By: Bob Meyer
Arguing that milk leaving U.S. dairy farms is an unlikely target for a terrorist attack, National Milk Producers Federation has asked the Food and Drug Administration to exempt dairy producers from “intentional adulteration” regulations being issued under the major rewrite of federal food safety laws.
In comments filed with FDA, NMPF contends it is hard to predict where milk from any one dairy farm will go because of constantly changing processing needs around the country. As a result, milk leaving a dairy farm is unlikely to be a target for intentional adulteration. In addition, the organization says dairy farms already employ a number of general security strategies that further reduce the risks to plant-bound milk.
National Milk along with the International Dairy Foods Association contend dairy processing plants should also be exempt from the new regulations because like dairy farms, “processing facilities have taken an active approach to applying food defense concepts.”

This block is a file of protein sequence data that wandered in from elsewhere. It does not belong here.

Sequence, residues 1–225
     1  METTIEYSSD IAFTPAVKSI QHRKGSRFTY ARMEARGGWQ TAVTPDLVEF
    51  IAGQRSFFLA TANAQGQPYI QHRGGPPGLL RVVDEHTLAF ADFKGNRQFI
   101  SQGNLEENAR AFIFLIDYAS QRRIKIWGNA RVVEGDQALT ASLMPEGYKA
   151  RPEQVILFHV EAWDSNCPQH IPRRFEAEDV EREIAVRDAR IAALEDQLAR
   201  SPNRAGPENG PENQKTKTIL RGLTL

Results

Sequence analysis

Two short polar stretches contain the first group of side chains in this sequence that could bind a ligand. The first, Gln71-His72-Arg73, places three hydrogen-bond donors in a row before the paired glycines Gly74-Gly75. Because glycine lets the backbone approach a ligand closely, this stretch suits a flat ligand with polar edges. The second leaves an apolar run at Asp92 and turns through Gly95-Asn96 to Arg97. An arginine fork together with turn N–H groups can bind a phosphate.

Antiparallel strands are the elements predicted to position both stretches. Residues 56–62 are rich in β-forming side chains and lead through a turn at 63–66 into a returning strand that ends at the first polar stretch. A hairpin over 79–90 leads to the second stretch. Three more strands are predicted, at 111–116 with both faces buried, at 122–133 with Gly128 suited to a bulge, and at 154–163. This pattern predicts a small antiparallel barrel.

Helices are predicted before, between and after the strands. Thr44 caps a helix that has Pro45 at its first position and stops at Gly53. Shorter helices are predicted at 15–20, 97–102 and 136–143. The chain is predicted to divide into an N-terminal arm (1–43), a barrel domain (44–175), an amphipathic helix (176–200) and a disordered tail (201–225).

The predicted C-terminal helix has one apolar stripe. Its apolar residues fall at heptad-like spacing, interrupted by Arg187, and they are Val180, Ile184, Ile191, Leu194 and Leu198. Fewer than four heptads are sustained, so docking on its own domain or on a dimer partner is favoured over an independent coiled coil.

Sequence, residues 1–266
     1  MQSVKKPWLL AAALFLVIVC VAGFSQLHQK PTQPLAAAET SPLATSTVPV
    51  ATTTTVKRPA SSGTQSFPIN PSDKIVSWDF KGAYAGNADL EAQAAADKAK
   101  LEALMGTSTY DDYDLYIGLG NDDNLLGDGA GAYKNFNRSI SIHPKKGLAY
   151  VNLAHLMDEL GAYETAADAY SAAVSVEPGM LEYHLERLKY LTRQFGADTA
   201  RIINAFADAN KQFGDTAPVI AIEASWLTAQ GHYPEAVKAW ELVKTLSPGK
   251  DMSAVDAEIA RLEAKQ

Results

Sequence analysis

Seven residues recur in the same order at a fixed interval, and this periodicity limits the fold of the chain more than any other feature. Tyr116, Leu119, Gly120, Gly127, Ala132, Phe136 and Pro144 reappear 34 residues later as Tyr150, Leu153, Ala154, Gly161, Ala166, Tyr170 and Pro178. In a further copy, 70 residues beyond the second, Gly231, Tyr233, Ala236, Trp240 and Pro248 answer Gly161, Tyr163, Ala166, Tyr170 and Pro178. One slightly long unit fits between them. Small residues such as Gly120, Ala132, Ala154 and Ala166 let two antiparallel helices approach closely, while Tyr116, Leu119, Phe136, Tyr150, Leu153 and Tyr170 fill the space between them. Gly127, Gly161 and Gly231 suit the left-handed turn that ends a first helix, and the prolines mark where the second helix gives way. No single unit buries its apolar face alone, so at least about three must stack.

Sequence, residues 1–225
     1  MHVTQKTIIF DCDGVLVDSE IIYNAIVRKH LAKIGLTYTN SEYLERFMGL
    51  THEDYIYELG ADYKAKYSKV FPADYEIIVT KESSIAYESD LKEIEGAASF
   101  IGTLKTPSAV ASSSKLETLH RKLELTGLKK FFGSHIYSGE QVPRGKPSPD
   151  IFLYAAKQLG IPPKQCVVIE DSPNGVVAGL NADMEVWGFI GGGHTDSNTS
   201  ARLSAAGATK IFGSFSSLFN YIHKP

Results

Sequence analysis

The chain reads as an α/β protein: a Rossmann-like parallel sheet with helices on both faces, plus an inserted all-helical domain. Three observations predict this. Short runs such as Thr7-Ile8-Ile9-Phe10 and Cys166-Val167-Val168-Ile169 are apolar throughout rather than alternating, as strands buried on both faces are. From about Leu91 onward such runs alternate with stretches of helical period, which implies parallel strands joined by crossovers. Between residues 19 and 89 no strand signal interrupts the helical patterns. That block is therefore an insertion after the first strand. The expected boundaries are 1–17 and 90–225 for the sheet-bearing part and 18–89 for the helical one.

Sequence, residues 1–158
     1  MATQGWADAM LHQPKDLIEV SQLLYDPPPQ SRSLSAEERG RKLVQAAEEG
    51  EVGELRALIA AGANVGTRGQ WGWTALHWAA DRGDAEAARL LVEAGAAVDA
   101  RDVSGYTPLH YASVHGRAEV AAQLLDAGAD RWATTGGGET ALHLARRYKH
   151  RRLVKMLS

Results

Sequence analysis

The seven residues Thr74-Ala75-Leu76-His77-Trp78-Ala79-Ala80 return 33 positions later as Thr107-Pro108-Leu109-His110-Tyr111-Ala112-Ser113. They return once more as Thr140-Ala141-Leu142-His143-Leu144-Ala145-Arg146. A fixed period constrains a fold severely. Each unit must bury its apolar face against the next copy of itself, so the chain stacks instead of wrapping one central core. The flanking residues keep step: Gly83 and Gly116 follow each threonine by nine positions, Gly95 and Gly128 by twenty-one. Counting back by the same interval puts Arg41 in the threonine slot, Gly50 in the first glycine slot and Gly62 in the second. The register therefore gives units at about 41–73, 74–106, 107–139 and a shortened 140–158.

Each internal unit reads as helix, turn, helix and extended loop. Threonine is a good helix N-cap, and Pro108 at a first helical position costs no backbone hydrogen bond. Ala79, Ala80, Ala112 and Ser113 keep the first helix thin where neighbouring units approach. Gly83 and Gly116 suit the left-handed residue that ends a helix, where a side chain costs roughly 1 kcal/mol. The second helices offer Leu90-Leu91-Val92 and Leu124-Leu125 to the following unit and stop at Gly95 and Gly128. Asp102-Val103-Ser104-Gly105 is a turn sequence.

In all, FDA has proposed seven major regulations under the Food Safety Modernization Act signed into law in January 2011. Only one rule addresses terrorism, while the others have less direct impact on dairy farms. NMPF will be submitting comments at the end of this month on a major proposed FSMA regulation addressing sanitary transport.
Read the NMPF comments here:
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